Studies suggest that implant overdentures (IODs) can improve function and quality of life. However most studies are conducted in adults under the age of 70. The aim of this study was to investigate denture satisfaction, functional, nutritional and patients centered aspect of IODs in patients over 75 years of age.
Edentulous and denture wearing patients over 75 years of age living in institutions or receiving help for activities of daily living as assessed with the Instrumental Activities of Daily Living Scale were recruited. The lower denture had to cause discomfort to the degree that the patients were seeking treatment. Those randomised to the treatment group received 2 standard implants and after 6-8 weeks healing the existing lower denture was converted to an IOD. The control group had a conventional reline. Implant survival and success were assessed according to the Buser criteria, nutritional state was judged via body mass index and the Mini Nutritional Assessment, blood markers were also analysed. Chewing efficiency, bite force and denture satisfaction and denture stability were also assessed.
- 45 patients were randomised (23 to treatment, 22 to the control)
- 7 withdrew from treatment arm after randomisation so only 16 received implants. 4 patients withdrew from control arm after randomisation leaving 18 in the analysis.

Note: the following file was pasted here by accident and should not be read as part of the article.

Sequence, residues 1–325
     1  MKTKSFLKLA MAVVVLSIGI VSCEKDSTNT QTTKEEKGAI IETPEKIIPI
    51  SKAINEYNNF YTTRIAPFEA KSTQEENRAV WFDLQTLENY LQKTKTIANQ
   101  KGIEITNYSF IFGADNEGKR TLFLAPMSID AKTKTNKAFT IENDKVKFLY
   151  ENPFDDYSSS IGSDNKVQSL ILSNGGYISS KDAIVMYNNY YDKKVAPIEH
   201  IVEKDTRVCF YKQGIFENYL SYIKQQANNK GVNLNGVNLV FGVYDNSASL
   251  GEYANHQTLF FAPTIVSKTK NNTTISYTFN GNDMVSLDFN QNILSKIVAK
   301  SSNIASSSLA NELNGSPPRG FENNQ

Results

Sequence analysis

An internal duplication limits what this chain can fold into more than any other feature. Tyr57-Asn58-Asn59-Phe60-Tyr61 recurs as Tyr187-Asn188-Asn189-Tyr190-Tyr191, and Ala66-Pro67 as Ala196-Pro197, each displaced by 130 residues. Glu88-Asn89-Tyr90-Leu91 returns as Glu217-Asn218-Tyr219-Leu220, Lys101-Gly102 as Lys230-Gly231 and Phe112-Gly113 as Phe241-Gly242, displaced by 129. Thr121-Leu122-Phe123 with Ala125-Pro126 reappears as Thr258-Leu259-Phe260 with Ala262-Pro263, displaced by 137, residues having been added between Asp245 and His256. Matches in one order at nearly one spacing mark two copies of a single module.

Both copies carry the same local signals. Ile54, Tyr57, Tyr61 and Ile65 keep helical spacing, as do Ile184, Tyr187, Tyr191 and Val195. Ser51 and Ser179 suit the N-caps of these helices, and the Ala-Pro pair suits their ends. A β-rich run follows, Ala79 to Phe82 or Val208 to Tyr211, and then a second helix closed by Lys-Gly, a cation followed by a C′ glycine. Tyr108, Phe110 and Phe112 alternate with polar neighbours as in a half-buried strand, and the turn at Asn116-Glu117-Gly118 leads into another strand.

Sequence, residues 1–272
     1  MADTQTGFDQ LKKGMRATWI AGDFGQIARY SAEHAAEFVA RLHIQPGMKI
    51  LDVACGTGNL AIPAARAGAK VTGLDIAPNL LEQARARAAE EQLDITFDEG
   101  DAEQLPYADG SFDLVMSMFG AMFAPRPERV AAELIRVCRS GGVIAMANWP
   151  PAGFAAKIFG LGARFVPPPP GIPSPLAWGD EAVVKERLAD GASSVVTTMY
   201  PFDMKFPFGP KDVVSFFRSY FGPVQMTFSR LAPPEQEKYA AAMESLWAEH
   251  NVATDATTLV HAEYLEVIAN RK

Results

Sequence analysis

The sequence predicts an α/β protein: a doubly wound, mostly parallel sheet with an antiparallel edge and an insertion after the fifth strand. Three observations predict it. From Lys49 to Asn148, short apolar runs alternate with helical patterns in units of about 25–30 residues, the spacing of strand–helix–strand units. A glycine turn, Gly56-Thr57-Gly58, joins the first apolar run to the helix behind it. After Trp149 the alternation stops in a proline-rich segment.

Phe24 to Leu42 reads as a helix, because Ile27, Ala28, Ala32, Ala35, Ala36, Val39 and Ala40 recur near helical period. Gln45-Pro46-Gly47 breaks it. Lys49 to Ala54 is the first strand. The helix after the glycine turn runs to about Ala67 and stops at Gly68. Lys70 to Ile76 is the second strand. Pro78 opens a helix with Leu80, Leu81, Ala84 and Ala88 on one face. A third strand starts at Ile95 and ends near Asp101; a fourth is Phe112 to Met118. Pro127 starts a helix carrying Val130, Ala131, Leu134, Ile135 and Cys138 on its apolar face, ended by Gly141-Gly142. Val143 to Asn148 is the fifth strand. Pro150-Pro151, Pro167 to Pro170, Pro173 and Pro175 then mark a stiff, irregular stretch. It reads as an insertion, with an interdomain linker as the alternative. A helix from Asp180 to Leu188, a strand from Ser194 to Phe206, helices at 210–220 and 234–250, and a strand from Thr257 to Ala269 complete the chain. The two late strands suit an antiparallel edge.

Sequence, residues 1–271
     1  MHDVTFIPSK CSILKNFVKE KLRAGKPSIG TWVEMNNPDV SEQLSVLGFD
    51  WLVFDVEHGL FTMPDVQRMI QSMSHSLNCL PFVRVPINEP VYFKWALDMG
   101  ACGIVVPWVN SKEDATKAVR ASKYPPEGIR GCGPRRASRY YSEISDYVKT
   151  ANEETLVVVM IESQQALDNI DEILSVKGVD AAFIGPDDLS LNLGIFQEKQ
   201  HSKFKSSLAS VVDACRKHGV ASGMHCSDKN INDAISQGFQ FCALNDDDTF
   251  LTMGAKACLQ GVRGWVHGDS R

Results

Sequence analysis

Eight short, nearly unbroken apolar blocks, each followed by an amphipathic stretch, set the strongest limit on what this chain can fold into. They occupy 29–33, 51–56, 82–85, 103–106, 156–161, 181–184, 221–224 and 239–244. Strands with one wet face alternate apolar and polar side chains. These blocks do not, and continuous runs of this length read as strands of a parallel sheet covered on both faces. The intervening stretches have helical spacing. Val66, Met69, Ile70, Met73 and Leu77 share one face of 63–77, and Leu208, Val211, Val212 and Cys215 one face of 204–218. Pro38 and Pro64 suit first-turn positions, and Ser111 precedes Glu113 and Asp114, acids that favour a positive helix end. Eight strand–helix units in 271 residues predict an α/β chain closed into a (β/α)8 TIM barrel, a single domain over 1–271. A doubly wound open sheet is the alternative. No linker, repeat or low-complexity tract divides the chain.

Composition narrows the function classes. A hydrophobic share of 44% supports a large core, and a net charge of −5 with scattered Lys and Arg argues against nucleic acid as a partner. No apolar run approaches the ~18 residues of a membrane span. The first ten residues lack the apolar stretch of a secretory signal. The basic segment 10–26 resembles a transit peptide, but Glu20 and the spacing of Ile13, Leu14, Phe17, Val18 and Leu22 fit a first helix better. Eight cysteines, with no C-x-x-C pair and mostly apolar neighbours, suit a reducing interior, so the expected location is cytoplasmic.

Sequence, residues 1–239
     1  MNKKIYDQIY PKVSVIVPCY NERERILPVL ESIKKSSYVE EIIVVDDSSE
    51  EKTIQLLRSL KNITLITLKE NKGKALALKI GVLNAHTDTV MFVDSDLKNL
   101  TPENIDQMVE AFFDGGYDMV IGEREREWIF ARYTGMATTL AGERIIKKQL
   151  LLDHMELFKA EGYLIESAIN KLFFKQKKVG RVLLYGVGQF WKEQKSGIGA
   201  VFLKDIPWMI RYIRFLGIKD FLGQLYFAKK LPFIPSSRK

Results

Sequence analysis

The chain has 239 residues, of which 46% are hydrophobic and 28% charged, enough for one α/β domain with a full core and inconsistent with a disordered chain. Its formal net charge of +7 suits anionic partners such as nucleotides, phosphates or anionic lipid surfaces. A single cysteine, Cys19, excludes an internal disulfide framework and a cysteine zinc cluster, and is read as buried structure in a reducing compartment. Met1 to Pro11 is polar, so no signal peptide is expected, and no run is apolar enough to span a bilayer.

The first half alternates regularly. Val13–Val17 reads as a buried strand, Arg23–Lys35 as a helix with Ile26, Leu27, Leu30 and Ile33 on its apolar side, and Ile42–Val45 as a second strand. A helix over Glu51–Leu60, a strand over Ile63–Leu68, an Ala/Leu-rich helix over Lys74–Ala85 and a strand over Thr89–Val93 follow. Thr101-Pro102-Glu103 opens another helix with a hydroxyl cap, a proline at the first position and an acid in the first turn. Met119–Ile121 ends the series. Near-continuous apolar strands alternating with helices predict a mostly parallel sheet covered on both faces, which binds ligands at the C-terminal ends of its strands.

- No implants were lost – 2 patients died within 3 months. There were 2 deaths in the control arm, 2 were unavailable and 5 discontinued after 3 months because they were dissatisfied.
- IODs proved more stable, and participants in the intervention group demonstrated significantly higher denture satisfaction as well as an increased oral health-related quality of life compared to the control group.
- Maximum voluntary bite force improved significantly with IODs, yet the chewing efficiency was not different between groups.
- Masseter muscle thickness increased with IODs, mainly on the preferred chewing side.
- Body mass index decreased in both groups, but the decline tended to be smaller in the intervention group; blood markers and the Mini Nutritional Assessment did not confirm this tendency.
The authors concluded
These results indicate that edentulous patients who depend on help for activities of daily living may benefit from IODs even late in life
This is a small study with a large number of drop-outs post randomisation prior to treatment. It took several years to recruit to the study indicating the difficulty in identifying patients would could potential benefit from the proposed treatment. With increasing numbers of older people surviving past 75 this potential pool of patients may increase in the future. More studies would help assess the benefits and risk fo rthis type of care in this patietn group.
Müller F, Duvernay E, Loup A, Vazquez L, Herrmann FR, Schimmel M. Implant-supported Mandibular Overdentures in Very Old Adults: A Randomized Controlled Trial. J Dent Res. 2013 Oct 24. [Epub ahead of print] PubMed PMID: 24158342.